Tax Court holds that foreign corporation’s sale of a partnership interest not taxable in US

The US Tax Court recently held that a foreign corporation is not subject to US income tax on the sale of a partnership interest where the partnership conducts a US business.  In so holding, the Tax Court rejected a 26 year old Revenue Ruling (Rev Rul 91-32) that reached the opposite conclusion.  For foreign investors in US businesses (that do not own real estate), this is an important decision.

A foreign investor who owns an interest in a partnership that holds US real estate may be subject to US federal income tax on a sale of that partnership interest under the Foreign Investment in Real Property Tax Act (“FIRPTA”).  For real estate, the IRS has indicated that gain derived by a foreign investor from the disposition of an interest in a partnership is subject to US tax only to the extent it is attributable to US real property interests owned by the partnership.  Regs §1.897-7T(a); Notice 88-72.

In Rev Rul 91-32, the IRS set forth its view that taxation on the sale of a partner’s interest in a partnership can go beyond mere real estate investment and apply to a sale of an interest in a partnership if the partnership is engaged in any US trade or business and has effectively connected income (“ECI”).  In this ruling, the IRS applied the “aggregate” theory of partnership taxation to justify looking through the partnership to its underlying assets in determining the source and character of the partner’s gain.

In July, 2017, the Tax Court issued its decision in Grecian Magnesite, Mining, Industrial & Shipping Co, SA v Comm’r, 149 TC 3The court declined to follow the IRS’s long standing position under Rev Rul 91-32, and held that a non-US person’s gain from the sale of its interest in a partnership engaged in a US trade or business is generally not subject to US federal income tax.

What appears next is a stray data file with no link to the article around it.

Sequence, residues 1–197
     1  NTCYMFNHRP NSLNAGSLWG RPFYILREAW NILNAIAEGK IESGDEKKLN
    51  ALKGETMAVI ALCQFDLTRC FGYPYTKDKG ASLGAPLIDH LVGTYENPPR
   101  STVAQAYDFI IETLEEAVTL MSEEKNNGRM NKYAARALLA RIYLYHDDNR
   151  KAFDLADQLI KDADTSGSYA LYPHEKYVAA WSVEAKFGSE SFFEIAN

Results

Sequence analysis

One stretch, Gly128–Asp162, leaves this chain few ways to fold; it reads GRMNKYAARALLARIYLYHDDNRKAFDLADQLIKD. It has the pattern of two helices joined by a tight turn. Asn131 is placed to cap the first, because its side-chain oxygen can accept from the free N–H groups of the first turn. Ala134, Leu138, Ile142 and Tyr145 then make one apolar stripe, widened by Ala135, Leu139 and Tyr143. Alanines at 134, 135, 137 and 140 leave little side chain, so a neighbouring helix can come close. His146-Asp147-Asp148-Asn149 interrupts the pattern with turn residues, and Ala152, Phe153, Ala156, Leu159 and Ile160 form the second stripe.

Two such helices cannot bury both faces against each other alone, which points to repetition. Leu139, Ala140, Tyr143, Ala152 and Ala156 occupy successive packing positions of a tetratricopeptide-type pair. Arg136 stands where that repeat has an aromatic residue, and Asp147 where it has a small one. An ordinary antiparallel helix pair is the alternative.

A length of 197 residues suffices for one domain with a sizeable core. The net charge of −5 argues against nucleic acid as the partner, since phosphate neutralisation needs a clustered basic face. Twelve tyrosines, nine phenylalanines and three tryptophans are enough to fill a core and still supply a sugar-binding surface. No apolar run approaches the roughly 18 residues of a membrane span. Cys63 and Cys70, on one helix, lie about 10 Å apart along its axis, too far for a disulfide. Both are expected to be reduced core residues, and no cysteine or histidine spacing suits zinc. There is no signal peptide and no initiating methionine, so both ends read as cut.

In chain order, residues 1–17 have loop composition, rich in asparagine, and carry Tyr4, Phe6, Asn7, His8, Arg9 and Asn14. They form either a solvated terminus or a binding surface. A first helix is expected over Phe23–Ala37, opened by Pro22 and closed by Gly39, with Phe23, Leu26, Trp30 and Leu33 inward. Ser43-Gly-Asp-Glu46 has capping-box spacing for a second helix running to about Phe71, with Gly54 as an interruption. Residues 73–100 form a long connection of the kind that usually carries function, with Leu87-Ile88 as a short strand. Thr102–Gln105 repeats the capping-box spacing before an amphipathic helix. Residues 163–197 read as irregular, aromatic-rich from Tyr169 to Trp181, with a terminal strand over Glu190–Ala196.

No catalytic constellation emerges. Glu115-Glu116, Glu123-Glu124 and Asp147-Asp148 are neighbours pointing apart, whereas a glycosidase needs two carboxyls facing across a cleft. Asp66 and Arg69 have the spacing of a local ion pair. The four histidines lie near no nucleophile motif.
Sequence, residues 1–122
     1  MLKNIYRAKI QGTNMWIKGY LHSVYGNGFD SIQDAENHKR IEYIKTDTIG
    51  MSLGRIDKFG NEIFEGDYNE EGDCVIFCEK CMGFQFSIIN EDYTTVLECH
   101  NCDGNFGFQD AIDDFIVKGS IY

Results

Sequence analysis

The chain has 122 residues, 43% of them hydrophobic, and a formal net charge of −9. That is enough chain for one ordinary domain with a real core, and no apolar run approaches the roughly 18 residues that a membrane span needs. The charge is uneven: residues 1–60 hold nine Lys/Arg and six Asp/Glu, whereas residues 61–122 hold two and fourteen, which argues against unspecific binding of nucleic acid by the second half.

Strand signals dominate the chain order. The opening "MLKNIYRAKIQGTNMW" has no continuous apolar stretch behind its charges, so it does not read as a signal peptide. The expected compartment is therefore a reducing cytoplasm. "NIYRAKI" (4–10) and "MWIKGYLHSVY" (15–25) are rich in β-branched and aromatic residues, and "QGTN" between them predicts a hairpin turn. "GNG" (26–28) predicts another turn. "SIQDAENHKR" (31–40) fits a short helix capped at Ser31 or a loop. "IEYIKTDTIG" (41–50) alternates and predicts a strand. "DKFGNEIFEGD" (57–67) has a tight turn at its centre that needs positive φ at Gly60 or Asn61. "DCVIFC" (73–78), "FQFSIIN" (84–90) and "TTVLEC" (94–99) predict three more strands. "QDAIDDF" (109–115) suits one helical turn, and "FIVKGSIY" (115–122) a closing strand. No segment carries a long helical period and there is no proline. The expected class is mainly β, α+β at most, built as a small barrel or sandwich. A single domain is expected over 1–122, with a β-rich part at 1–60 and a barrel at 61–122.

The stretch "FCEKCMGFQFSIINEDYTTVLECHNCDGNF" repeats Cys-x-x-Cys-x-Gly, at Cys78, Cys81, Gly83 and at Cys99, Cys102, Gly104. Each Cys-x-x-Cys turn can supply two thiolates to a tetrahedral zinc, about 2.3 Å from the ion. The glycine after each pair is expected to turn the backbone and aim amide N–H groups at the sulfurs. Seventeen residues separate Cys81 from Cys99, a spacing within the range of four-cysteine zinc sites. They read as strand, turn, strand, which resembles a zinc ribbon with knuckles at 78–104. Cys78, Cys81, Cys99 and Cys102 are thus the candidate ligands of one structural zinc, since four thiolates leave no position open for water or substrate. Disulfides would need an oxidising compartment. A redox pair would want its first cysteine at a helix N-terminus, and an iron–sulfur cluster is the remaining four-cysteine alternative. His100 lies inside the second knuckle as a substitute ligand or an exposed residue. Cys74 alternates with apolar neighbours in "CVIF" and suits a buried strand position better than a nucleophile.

Grecian Magnesite Mining was a privately owned corporation organized under the laws of Greece that sells magnesia and magnesite to customers around the world.  From 2001 through 2008, it was a member of a US LLC that was engaged in the business of extracting, producing, and distributing magnesite in the US.  In 2008, Grecian Mining’s interest in the LLC was completely redeemed, resulting in treating the transaction as a sale or exchange of the membership interest.

The IRS asserted that the capital gain was properly treated as ECI since Grecian Mining was engaged in a trade or business as a result of its investment in the LLC.  Grecian Mining’s position was that the assets of the LLC do not control the character of the gain from a disposition of an interest in the LLC.  The gain should not have been treated as US-source gain and generally cannot be taxed in the US as ECI under the proposition that foreign-source income cannot be ECI except in limited instances that arise from the presence of US real estate under FIRPTA, which only applied to a small part of their gain.

Foreign investors should carefully review their US tax exposure on a sale of a partnership interest before they simply pay tax on their realized gain.  Grecian Magnesite calls into question the validity of Rev Rul 91-32 (though an appeal or non-acquiescence is possible).  A foreign investor should be able to rely on this case to avoid paying tax.  Moreover, foreign investors that have already paid income tax based upon Rev Rul 91-32 may wish to file a refund claim based on this decision.

As the law continues to evolve on these matters, please note that this article is current as of date and time of publication and may not reflect subsequent developments. The content and interpretation of the issues addressed herein is subject to change. Cole Schotz P.C. disclaims any and all liability with respect to actions taken or not taken based on any or all of the contents of this publication to the fullest extent permitted by law. This is for general informational purposes and does not constitute legal advice or create an attorney-client relationship. Do not act or refrain from acting upon the information contained in this publication without obtaining legal, financial and tax advice. For further information, please do not hesitate to reach out to your firm contact or to any of the attorneys listed in this publication.

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